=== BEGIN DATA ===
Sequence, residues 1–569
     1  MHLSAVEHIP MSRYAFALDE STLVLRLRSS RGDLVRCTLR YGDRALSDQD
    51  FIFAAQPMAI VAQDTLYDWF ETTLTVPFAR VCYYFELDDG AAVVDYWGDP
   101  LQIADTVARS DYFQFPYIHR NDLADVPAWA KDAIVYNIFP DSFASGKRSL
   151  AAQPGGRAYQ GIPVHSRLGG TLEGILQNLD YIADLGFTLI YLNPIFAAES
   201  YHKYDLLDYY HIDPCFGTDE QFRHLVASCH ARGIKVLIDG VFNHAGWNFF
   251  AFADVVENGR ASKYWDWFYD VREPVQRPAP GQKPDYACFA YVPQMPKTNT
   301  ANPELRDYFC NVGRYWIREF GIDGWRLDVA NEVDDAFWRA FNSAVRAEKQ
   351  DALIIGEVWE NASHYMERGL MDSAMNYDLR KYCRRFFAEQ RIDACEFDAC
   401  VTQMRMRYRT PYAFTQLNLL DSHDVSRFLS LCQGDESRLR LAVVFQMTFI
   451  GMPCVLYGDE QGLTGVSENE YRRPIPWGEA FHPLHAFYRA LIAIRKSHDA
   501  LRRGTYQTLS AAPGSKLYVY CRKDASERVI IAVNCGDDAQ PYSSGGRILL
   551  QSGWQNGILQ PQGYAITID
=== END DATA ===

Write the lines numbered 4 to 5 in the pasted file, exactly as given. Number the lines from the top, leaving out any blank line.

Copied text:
   101  LQIADTVARS DYFQFPYIHR NDLADVPAWA KDAIVYNIFP DSFASGKRSL
   151  AAQPGGRAYQ GIPVHSRLGG TLEGILQNLD YIADLGFTLI YLNPIFAAES